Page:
Engineering Design Challenges • A Framework for K-12 Science Education • Incorporate engineering practices in addition to scientific practices • Where do these fall short?
Integrating the “T” in STEM Using technology in designing a challenging application
Investigating the Facts • Eratosthenes (200 BC) • Determined the circumference of the earth: • June 21 in a well in Syene (now Aswan) on Tropic of Cancer the sun reaches bottom of well at noon • North Alexandria- sun shadow is 7.2° • Syene is 5000 stadia from N. Alexandria Eratosthenes
Do the Math!!! • What is the Earth’s circumference? Hint: • What’s a stadia? 1 sta = 185 meters • 360° in a circle! (360° /7.2° = 50 ) • Distance between: 5000 sta (185 m/sta)= 925 km • Earth Circumference: 925 km X 50 = 46,250 km • CLOSE! Actually 40,008 km Extra Credit: Why was he off?
The Librarian Who Measured the Earth by Kathryn Lasky • Using Trade books to clarify content
Investigating the Earth’s circumference using GPS units! Materials • You have a GPS unit • 50 meter tape • Devise a way to determine the circumference of the Earth • Are you as accurate as Eratosthenes was?
The Nature of Science Nature of Science is the values and assumptions inherent to scientific knowledge and the development of scientific knowledge. 1. Science is based on empirical evidence. 2. There is no step-by-step scientific method by which all science is done. 3. Scientific knowledge is tentative but durable 4. Laws and theories are related but distinctly different kinds of scientific knowledge. 5. Science is a creative endeavor. 6. Science has a subjective element. 7. Science is socially and culturally embedded. 8. Science and its methods cannot answer all problems. 9. There is a distinction between observation and inference.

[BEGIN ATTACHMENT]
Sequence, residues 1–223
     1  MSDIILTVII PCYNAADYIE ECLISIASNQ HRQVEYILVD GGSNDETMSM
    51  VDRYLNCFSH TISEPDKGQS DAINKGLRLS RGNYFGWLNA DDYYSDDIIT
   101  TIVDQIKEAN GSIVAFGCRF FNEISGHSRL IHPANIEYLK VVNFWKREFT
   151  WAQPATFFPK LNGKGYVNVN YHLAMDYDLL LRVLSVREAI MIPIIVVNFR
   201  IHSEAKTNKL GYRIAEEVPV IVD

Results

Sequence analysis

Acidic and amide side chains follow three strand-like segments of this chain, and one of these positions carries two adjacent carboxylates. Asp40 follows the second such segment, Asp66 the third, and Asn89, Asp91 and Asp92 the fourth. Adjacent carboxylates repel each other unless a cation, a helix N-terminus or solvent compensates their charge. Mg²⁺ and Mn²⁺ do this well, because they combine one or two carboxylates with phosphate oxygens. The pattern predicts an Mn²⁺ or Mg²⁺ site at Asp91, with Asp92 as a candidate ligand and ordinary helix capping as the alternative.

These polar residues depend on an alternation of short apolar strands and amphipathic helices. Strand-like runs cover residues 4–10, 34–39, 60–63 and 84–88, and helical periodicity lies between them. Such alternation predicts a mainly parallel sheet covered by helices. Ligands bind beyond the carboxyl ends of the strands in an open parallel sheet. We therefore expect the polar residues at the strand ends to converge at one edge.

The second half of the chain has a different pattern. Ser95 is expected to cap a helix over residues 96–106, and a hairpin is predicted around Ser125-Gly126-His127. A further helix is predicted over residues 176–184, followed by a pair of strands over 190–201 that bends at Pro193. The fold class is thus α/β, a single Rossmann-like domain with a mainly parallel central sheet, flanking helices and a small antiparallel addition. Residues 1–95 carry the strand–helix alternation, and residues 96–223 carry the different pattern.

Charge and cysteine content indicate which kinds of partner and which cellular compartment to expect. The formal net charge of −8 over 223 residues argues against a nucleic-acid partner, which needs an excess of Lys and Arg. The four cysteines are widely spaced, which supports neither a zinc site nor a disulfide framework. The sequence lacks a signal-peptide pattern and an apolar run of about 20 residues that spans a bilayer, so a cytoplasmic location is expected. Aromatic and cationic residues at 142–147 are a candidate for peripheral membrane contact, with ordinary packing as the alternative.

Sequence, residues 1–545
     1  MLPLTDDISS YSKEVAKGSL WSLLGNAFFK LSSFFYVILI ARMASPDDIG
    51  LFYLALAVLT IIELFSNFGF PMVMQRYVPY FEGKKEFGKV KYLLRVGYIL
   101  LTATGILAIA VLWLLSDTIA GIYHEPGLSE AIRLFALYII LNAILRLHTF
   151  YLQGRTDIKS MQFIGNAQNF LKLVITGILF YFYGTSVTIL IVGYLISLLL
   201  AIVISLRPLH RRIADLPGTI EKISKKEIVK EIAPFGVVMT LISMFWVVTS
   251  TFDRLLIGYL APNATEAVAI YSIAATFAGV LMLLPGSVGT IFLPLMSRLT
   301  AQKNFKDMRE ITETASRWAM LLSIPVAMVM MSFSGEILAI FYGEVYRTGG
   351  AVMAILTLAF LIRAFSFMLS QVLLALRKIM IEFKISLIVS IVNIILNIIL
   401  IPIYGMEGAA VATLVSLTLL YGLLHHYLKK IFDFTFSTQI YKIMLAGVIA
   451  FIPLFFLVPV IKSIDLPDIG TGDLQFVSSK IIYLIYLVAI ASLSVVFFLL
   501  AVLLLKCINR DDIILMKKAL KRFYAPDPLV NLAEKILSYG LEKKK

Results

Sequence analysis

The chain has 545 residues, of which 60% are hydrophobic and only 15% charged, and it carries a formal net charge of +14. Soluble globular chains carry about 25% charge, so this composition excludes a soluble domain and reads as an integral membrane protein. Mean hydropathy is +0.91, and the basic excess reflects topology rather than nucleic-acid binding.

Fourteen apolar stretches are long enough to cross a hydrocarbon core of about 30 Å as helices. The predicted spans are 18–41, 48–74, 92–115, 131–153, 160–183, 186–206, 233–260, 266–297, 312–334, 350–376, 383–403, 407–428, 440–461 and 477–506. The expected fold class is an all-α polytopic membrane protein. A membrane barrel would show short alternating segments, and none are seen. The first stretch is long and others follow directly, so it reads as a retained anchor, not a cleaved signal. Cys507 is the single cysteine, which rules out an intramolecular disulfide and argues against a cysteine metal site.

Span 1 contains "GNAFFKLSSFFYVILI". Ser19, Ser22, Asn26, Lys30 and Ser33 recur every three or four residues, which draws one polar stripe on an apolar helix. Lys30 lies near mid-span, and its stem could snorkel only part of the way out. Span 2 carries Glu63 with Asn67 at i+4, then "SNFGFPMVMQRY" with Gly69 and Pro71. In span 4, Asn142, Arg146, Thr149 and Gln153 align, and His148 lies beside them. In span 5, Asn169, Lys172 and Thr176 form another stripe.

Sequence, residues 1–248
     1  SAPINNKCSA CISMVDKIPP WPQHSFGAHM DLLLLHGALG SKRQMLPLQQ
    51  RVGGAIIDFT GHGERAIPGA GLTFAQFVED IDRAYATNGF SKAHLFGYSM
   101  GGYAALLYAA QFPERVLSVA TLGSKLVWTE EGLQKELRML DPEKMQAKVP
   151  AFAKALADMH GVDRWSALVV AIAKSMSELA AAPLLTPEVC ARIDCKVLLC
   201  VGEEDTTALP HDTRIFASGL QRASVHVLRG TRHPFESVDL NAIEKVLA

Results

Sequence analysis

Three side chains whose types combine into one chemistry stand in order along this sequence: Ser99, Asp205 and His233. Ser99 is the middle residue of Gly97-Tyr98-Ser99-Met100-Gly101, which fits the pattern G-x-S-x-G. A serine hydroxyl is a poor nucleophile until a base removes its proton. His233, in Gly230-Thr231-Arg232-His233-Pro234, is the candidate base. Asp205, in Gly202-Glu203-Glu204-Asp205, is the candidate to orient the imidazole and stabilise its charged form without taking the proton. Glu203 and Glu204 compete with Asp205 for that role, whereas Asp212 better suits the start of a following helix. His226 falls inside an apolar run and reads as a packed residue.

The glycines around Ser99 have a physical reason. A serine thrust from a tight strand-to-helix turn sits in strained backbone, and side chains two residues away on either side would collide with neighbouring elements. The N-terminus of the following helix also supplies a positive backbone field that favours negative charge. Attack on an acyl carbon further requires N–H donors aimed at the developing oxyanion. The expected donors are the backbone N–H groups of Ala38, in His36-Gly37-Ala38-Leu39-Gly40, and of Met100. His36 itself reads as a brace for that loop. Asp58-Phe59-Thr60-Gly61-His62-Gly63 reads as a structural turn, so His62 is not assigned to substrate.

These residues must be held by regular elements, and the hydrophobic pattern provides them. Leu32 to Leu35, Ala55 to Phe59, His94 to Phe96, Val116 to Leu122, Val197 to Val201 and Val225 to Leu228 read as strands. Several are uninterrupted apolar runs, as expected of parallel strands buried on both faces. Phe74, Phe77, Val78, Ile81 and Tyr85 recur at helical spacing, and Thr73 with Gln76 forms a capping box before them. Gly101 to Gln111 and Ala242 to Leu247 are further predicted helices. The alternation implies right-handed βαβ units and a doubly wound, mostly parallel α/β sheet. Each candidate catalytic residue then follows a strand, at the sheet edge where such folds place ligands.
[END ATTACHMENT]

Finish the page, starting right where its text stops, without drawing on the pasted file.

Finding the Science of Poetry, Prose, and Song Why STEM Standards May Not Always Be Enough…
“…science and art are not that far apart. Science is a framework human beings use to try and understand the physical universe. Art is a framework human beings use to understand their place in the cosmos.“ ~ Wilson da Silva, editor of Cosmos Magazine
Science • Based on objective observations • Objectivity creates more reliable “truth” • Values reproducibility • Provides validity and objectivity for everyone • Invokes skepticism The Arts C O P L E M E N T C O M P L E M E N T Synergistic Lens • Values feeling & perception • Values observation & creativity • Rejection of routine & automatic • Allows for the individual within • the greater scheme • Provides rigor & flexibility
The Role of the Arts in Science • Wide-reaching and profoundly transferable cognitive advances in developing social skills and improving academic achievement (Boyes & Reid, 2005, p. 1) • Pedagogical strategies are ideal in expanding the invitation of science education to more children (Gardner, 1993; Howes, 2002; Rosser, 1997; Roychoudhury, Tippins, & Nichols, 1995) • Allows many voices to be heard in the science classroom (Ellsworth, 1989; Hildebrand, 1998)